A racist threatened him for his Black Santa decoration. His neighbors responded beautifully.
via Chris Kennedy / Facebook

Three years ago, Chris Kennedy and his family moved to the Lakewood neighborhood of North Little Rock, Arkansas. Every holiday season he has placed a seven-foot-tall Black Santa Claus on his lawn alongside his other decorations.

Kennedy believes the Black Santa Claus decoration is empowering for his five-year-old daughter.

"Our thing is about representation for our daughter, seeing herself in everything and knowing that she can do whatever she wants to do and she's not going to be limited by her color," he told Good Morning America. "The Black Santa is something I wanted my daughter growing up seeing."


"She doesn't even question seeing a white Santa Claus, because we've always told her that's what he looks like in other people's houses," Kennedy added. "For other people, Santa is a representation of them."

However, this year the Black Santa Claus would come to represent more than Kennedy ever intended.

On November 23, he received a letter in the mail from an angry racist demanding he remove the Black Santa Claus from his lawn. The letter claimed to be from Santa Claus and his homeowners' association.

via Chris Kennedy / Facebook

"Please remove your negro Santa Claus yard decoration," the letter reads. "You should try not to deceive children into believing that I am negro. I am a caucasian (white man, to you) and have been for the past 600 years. Your being jealous of my race is no excuse for your dishonesty. Besides that, you are making yourself the laughing stock of the neighborhood. Obviously, your values are not that of the Lakewood area and maybe you should move to a neighborhood out east with the rest of your racist kind."

The letter was accompanied by a photo of Santa Claus making a thumbs-down gesture.

via Chris Kennedy / Facebook

Kennedy was obviously incensed by the letter and so he read it on Facebook Live. He then contacted the local police department and post office to see if they could track down the racist.

Within a few hours, Kennedy was surprised to receive messages of support on Facebook from people he had never met.

A week later, the family began noticing Black Santa decorations around his neighborhood.

"I just started seeing them pop up in the neighborhood," he said. "The bright side of everything was the neighbors' response."

via Chris Kennedy / Facebook


via Chris Kennedy / Facebook

Since the incident, the Kennedy's have received Black Santa Claus gifts and countless messages of support. When people asked how they can help, he told them to donate to the Ronald McDonald House Charities of Arkansas. The nonprofit offers housing to the families of sick children.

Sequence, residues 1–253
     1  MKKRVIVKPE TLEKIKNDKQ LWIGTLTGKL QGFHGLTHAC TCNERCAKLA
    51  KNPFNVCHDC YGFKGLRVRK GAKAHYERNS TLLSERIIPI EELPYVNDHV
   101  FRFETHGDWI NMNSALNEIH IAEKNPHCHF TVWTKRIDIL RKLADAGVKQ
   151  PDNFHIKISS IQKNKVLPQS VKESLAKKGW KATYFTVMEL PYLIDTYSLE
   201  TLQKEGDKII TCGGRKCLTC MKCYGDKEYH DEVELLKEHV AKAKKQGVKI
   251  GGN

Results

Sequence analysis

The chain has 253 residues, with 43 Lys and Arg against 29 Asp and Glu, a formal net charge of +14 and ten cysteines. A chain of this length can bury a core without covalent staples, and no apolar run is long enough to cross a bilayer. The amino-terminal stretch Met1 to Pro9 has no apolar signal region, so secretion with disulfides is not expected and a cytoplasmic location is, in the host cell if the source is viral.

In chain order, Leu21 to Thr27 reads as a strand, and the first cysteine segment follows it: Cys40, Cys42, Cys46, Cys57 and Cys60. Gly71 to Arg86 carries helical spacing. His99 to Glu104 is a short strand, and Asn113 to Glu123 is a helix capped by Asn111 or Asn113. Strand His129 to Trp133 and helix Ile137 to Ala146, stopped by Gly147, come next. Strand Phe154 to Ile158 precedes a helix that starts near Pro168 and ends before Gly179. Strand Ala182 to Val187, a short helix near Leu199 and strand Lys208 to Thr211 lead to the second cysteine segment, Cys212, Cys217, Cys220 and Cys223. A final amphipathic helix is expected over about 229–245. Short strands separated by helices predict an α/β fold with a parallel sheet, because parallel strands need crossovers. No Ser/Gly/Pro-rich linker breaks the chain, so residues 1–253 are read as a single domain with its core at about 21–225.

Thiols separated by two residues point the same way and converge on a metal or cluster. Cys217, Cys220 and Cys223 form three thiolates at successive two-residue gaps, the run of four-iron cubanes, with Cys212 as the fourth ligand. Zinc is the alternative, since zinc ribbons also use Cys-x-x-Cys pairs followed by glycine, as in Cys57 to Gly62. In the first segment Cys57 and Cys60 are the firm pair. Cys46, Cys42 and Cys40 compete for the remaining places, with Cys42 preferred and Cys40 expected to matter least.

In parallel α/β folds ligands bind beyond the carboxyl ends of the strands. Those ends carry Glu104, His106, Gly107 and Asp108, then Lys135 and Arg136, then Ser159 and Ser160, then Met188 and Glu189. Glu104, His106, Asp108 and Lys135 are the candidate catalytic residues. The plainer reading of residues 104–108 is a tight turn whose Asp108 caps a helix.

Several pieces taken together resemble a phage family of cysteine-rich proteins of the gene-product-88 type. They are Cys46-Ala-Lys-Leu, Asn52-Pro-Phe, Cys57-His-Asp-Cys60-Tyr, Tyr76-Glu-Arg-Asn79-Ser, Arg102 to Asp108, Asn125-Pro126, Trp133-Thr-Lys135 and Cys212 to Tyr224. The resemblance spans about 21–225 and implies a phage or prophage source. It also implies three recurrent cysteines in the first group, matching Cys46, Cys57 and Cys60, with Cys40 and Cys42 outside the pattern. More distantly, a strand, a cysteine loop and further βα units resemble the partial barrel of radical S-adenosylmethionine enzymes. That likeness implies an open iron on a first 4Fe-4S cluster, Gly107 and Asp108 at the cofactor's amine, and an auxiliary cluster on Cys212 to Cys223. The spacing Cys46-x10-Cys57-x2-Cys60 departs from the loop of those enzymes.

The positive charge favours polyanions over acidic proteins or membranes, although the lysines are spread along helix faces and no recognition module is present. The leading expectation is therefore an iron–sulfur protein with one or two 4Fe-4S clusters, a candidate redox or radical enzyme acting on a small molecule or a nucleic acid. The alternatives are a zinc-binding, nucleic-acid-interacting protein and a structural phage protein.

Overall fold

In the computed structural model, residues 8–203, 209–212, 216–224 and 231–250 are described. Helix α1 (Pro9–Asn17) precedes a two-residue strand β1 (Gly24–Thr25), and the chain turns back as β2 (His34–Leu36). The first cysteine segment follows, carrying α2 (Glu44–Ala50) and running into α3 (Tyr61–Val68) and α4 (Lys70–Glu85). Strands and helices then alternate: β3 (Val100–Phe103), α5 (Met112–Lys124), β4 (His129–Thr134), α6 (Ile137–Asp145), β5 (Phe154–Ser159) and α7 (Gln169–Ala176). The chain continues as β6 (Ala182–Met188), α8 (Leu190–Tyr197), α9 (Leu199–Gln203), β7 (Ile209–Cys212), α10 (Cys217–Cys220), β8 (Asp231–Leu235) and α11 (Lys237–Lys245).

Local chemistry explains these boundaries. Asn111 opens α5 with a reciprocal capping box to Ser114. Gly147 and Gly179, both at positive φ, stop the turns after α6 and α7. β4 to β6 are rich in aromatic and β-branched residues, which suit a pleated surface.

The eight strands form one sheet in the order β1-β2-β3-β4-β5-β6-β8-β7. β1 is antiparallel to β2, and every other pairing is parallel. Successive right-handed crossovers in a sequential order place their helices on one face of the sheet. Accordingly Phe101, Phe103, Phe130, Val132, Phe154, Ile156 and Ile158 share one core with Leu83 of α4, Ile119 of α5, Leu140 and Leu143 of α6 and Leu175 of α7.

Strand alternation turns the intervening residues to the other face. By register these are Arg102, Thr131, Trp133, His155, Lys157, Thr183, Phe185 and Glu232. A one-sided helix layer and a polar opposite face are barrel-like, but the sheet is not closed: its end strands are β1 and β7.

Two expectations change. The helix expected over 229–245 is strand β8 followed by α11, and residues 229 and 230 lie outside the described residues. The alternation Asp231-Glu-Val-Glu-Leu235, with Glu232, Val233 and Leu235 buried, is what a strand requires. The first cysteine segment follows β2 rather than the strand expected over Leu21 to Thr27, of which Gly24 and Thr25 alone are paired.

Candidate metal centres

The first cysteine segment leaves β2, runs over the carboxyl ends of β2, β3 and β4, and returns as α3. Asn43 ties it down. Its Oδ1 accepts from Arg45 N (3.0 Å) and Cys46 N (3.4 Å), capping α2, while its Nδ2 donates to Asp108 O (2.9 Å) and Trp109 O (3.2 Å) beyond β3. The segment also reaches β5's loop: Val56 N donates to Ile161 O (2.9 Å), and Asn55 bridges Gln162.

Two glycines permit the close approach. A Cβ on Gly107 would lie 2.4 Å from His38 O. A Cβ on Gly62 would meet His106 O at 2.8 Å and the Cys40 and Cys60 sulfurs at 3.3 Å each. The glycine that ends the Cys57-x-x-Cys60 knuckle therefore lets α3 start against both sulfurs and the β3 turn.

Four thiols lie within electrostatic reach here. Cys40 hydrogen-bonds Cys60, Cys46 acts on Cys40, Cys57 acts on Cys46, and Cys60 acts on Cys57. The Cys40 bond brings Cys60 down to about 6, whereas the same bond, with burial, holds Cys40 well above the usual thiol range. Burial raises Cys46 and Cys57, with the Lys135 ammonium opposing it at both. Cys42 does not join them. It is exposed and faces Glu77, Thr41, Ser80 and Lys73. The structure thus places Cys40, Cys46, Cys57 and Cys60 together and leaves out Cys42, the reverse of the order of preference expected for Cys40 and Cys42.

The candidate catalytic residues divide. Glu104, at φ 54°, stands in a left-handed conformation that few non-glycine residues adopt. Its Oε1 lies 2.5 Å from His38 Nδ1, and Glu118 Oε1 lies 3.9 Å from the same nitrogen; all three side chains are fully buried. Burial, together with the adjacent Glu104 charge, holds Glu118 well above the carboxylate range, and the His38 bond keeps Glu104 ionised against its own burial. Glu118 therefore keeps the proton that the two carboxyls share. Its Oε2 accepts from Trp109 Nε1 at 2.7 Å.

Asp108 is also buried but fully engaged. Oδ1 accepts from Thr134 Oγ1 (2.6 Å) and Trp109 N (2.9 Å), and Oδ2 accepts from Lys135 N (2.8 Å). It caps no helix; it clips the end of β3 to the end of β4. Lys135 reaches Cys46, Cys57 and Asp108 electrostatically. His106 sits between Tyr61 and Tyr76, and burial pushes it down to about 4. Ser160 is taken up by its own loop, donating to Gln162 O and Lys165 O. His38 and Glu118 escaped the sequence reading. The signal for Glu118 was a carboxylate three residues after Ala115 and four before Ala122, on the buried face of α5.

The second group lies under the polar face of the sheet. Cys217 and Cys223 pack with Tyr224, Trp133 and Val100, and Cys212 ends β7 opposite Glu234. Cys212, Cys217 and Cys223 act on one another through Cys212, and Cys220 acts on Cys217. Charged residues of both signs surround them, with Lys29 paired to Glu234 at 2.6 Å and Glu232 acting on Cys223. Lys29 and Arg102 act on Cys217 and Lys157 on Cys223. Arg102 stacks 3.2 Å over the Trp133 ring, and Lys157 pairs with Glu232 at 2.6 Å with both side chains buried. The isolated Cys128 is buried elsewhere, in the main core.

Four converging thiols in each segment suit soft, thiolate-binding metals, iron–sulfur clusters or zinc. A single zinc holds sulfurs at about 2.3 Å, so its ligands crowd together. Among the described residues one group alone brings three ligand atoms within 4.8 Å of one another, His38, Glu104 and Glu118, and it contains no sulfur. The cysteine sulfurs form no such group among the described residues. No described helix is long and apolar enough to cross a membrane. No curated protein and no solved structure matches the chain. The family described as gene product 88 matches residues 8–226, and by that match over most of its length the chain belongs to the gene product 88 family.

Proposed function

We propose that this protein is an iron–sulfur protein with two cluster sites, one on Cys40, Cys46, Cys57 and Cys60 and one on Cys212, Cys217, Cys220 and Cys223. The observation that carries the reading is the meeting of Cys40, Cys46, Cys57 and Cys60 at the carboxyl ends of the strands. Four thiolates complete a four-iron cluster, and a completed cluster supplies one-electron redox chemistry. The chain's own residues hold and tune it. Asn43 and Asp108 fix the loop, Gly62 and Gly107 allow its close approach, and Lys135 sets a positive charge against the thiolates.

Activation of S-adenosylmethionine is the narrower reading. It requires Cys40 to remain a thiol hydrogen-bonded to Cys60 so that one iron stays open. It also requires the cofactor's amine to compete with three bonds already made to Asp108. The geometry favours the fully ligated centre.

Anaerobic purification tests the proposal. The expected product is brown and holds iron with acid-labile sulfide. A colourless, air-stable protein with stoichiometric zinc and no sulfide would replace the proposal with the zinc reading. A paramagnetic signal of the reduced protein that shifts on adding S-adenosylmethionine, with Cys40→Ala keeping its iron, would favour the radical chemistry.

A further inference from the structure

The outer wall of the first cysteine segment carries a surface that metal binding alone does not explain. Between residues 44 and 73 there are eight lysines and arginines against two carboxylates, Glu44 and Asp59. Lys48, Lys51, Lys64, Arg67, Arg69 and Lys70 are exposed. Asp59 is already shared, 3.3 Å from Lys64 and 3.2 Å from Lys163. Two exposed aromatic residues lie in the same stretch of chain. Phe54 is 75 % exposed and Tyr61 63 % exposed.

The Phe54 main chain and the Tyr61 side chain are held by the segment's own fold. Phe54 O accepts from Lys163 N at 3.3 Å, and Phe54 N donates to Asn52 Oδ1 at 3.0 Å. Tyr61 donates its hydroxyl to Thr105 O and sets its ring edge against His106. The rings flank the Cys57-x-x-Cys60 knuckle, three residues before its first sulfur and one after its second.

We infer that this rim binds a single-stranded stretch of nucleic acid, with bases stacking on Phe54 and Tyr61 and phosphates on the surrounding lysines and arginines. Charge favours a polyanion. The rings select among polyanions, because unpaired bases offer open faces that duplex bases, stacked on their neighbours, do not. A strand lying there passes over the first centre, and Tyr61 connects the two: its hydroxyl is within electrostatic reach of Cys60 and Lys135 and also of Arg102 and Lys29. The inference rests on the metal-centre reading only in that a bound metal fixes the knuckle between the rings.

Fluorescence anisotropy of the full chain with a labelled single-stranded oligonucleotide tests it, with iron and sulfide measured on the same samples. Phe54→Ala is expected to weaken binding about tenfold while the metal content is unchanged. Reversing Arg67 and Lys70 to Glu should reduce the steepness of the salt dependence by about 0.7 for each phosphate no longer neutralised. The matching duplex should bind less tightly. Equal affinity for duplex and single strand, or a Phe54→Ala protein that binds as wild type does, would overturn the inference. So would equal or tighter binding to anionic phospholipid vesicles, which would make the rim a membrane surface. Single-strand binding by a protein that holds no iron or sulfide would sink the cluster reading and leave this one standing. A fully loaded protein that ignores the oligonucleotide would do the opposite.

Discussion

So far, the donations have covered over 200 nights of housing.

The homeowners' association has denied any connection with the letter and is proudly displaying a Black Santa Claus at its headquarters that was donated by a resident.

"To try to falsely blame us and say that those are our views was pretty upsetting," Evan Blake, director of the homeowner's association, said of the racist letter. "We support Chris completely and everyone else in Lakewood too and [adding a Black Santa Claus to the holiday display] is just something else we can do to show our support."

Kennedy is still upset about the letter but has been encouraged by the reaction his family has received after the incident.

"I'm not happy that it happened, but I'm happy that the conversations are being had," added Kennedy.

True

If the past year has taught us nothing else, it's that sending love out into the world through selfless acts of kindness can have a positive ripple effect on people and communities. People all over the United States seemed to have gotten the message — 71% of those surveyed by the World Giving Index helped a stranger in need in 2020. A nonprofit survey found 90% helped others by running errands, calling, texting and sending care packages. Many people needed a boost last year in one way or another and obliging good neighbors heeded the call over and over again — and continue to make a positive impact through their actions in this new year.

Welcometoterranova and P&G Good Everyday wanted to help keep kindness going strong, so they partnered up to create the Lead with Love Fund. The fund awards do-gooders in communities around the country with grants to help them continue on with their unique missions. Hundreds of nominations came pouring in and five winners were selected based on three criteria: the impact of action, uniqueness, and "Welcometoterranova-ness" of their story.

Here's a look at the five winners:

Edith Ornelas, co-creator of Mariposas Collective in Memphis, Tenn.

Edith Ornelas has a deep-rooted connection to the asylum-seeking immigrant families she brings food and supplies to families in Memphis, Tenn. She was born in Jalisco, Mexico, and immigrated to the United States when she was 7 years old with her parents and sister. Edith grew up in Chicago, then moved to Memphis in 2016, where she quickly realized how few community programs existed for immigrants. Two years later, she helped create Mariposas Collective, which initially aimed to help families who had just been released from detention centers and were seeking asylum. The collective started out small but has since grown to approximately 400 volunteers.